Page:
The tale of Marc Spector and his alters has a long history in comics, but newcomers and old-time readers alike are having fun putting the pieces of the MCU’s take on him together via cast and crew interviews in the weeks leading up to the release.
In a recent press conference hosted by Entertainment Weekly, Oscar Isaac opened up about his acting process, his influences and how he chose to portray the character of Moon Knight.
Moon Knight And The Creation Of Steven Grant
As the great Oscar Isaac himself explained:
When I asked why the show was set in London, the answer was, ‘We just have too many characters in New York.’ So, it seems like…let’s change it up! Let’s do an ex-pat in London. I love English humor like The Office, and there’s so much of that humor that I find so funny. So, I thought there’s an opportunity here to make him [very] English! What if Peter Sellers was approached with a Marvel project? What would he do?
And so I started thinking about that, and that led me to Karl Pilkington from An Idiot Abroad. Not so much for his accent, but just his sense of humor and the way that you can’t tell if he knows he’s being funny. Then I thought about the Jewish community in London, and where a lot of that community is from, and Enfield is an area. I listened to accents that were sort of Northeast London, and then just committed to that. It wasn’t just about his accent, it was about his timid-ness and his wanting to connect to people but not quite knowing how.”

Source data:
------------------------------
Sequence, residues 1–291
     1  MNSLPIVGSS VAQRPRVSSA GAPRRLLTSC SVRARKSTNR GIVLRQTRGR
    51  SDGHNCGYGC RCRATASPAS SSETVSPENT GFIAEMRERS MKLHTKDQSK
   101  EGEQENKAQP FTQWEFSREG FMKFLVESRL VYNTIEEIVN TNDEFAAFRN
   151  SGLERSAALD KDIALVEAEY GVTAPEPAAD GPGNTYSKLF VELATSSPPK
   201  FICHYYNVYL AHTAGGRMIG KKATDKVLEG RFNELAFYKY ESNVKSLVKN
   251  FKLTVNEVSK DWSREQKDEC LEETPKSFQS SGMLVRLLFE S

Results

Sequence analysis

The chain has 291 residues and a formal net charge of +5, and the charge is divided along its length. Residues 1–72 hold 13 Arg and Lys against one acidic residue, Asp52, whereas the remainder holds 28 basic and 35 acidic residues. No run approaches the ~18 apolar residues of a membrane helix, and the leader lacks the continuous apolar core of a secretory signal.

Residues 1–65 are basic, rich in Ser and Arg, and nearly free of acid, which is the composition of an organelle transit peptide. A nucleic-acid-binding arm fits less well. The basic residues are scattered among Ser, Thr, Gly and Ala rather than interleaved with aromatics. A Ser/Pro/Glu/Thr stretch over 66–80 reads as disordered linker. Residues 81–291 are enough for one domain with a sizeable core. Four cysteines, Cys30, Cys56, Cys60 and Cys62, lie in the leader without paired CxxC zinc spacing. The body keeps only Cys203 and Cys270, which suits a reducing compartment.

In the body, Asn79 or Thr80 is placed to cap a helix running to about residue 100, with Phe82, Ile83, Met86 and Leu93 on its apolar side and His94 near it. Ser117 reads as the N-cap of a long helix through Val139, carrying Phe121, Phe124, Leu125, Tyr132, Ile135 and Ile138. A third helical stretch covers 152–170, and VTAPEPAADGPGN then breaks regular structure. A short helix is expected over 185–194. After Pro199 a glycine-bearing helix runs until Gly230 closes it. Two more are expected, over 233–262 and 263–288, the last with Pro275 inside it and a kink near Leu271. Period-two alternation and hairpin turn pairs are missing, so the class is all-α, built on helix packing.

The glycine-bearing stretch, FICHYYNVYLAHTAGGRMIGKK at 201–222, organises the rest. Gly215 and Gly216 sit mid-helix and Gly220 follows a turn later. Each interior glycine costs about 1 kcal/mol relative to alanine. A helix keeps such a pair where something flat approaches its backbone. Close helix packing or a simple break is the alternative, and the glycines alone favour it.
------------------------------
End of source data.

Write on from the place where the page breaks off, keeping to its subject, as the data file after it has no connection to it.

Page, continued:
THE INFLUENCES OF THE KNIGHT
It’s fascinating to hear Isaac talk about how he approached the role and researched the London area to pinpoint what accent he wanted to use. Though he isn’t Jewish himself (which has raised a bit of controversy), it’s great to see that he has researched British Jews in Enfield and is trying to portray the accent as carefully as possible.
We do know that he will be using multiple accents for the series as well, since he will be playing a character with Dissociative Identity Disorder. These separate identities will also be interacting with each other, so it will be interesting to see how Isaac pulls that off.
As for the comedic influences Isaac mentioned, we find them absolutely fascinating. The references he dropped from Peter Sellers to The Office and An Idiot Abroad all point to a similar type of humor in common. Like Isaac said, you can’t really tell if they know they’re being funny. It’s a different type of humor than the confident quips of Tony Stark or the crassness of Deadpool. It’s a humor that comes from a character who isn’t necessarily confident in his own skin, who finds himself in situations where he feels out of place and doesn’t recognize his own quirks and naivety.
While we don’t expect this show to have much of a comedic tone and critic reviews say that it’s Disney+’s darkest series yet, it’s still interesting to see Isaac look to these comedies for inspiration for at least one of his personalities. It will be very exciting to see how Marvel balances these different tones, or if it will come across as fractured as the character himself. We don’t have much longer to wait, as Moon Knight premieres in just one week.
“Moon Knight follows Steven Grant, a mild-mannered gift-shop employee, who becomes plagued with blackouts and memories of another life. Steven discovers he has dissociative identity disorder and shares a body with mercenary Marc Spector. As Steven/Marc’s enemies converge upon them, they must navigate their complex identities while thrust into a deadly mystery among the powerful gods of Egypt.”
Moon Knight premieres March 30 on Disney+. Are you excited to see what kind of performance Oscar Isaac gives as Marc Spector? What do you expect do you expect the MCU to deliver next? Let us know in the comments below or on our social media.